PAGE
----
Armed with the most rigorous of testing methods today, researchers have been able to isolate additional collagen peptides from an 80-million-year-old dinosaur.

In a study published in the Journal of Proteome Research, Elena Schroeter and colleagues detailed their findings, confirming earlier work that showcased collagen being discovered in 2009 from a Brachylophosaurus canadensis, a type of duck-billed dinosaur, or hydrosaur, that thrived in Montana some 80 million years ago.

The study also supports the idea that organic molecules have the ability to persist in specimens longer than believed by tens of millions of years. The researchers' results will also have implications in the scientific community's ability to study fossil records on the molecular level.

"[W]e wanted to not only address questions concerning the original findings, but also demonstrate that it is possible to repeatedly obtain informative peptide sequences from ancient fossils," said Schroeter.

Peptides form the foundations of proteins and collagen is classified as a protein. By recovering collagen peptides, researchers are given the opportunity to assess relationships between modern animals and dinosaurs in terms of evolutionary progress while also investigating other questions, like what characteristic was responsible for the dinosaur collagen lasting for millions of years.

Testing Dinosaur Collagen

When the researchers collected sample material from the dinosaur's thigh bone, they were gearing up for a molecular investigation right from the beginning. To prevent contamination, they used no preservatives or glues, left sediment a meter (about 3 feet) wide around the fossil, and only exposed the bone once it was in a clean environment. The mass spectrometer used for the study was also cleared of contamination before the sample was run.

According to results from the mass spectrometer, there were eight sequences of peptides from collagen I, six of which were new while two were identical to what other researchers recovered back in 2009. Additionally, the peptide sequences showed that the Brachylophosaurus canadensis had collagen I that featured similar characteristics with collagen I from birds and crocodylians.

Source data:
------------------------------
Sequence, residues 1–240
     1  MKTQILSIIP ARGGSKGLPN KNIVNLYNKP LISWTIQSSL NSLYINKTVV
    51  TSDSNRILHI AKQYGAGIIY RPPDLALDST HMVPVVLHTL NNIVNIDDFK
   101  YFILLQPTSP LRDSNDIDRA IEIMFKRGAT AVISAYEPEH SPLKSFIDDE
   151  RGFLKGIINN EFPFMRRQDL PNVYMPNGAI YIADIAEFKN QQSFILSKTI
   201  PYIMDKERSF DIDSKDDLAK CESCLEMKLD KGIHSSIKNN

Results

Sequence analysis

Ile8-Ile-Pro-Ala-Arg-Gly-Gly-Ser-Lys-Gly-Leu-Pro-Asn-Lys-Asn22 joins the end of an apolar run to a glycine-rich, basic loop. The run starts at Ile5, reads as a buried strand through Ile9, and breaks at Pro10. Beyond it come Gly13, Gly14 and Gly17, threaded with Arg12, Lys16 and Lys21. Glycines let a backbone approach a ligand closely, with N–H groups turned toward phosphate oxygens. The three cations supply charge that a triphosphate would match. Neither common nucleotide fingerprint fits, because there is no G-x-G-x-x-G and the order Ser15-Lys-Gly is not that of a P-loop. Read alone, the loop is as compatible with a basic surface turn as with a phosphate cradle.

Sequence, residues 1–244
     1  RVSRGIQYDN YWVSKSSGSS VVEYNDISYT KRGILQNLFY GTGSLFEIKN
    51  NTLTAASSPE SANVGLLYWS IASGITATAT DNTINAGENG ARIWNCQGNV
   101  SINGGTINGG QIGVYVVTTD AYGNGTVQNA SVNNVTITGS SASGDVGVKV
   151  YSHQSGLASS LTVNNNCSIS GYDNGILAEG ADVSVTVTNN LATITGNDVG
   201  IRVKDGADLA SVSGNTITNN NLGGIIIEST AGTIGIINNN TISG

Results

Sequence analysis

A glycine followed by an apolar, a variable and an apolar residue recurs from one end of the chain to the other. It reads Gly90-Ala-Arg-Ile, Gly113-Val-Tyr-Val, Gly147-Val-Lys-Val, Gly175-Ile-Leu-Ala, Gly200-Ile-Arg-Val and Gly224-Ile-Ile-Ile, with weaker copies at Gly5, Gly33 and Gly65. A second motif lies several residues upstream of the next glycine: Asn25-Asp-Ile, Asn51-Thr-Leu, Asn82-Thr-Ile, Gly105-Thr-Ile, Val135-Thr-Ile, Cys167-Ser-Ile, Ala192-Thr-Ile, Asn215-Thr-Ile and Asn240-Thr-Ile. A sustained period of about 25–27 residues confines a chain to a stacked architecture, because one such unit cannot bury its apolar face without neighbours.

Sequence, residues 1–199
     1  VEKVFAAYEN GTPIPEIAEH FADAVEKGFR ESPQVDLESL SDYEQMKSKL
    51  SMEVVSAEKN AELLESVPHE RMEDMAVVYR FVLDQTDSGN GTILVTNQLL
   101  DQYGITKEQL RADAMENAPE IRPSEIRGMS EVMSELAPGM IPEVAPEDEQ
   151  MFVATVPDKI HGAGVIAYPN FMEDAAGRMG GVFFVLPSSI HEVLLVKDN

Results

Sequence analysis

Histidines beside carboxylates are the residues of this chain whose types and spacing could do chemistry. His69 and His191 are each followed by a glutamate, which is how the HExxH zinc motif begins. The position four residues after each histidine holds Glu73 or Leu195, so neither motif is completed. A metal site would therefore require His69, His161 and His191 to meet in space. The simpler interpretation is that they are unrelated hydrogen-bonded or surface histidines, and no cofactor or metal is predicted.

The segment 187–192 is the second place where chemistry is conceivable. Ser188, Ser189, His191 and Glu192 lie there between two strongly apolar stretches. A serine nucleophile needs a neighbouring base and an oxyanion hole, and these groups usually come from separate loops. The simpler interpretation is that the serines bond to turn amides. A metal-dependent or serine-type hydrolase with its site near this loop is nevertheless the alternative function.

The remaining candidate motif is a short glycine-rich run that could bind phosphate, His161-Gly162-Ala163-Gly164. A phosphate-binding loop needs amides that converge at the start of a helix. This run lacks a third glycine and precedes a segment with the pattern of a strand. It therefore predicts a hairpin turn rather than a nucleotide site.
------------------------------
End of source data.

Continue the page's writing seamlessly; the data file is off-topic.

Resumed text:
Aside from replicating a portion of the results of an earlier work, the researchers are also proud of having done so using a sample smaller in size and having to wait for results for a shorter duration of time, thanks to improved research methods and technological advancements.

The Future Of Dinosaur Research

Co-author Mary Schweitzer said their purpose was to build solid scientific basis that will allow other researchers to ask the bigger questions pertaining to fossil records. For instance, with the current study confirming that it's possible for collagen molecules to be preserved, future works can build upon its findings by asking questions beyond the characteristics of dinosaurs, like why the preservation process is noteworthy.

The current study received funding support through the National Science Foundation's INSPIRE grant and included contributions from Marshall Bern, Neil L. Kelleher, Paul M. Thomas, Wenxia Zheng, Timothy P. Cleland, and Carline J. DeHart.

Earlier in January, another study was released showing the fossils of a 160-million-year-old dinosaur species, shedding insight on why birds today have toothless beaks. According to the researchers, the two-legged Limusaurus inextricabilis was born with teeth but eventually lost all of them as it got older. Because of this, the dinosaur adapted, switching from being an omnivore to herbivore in adulthood.

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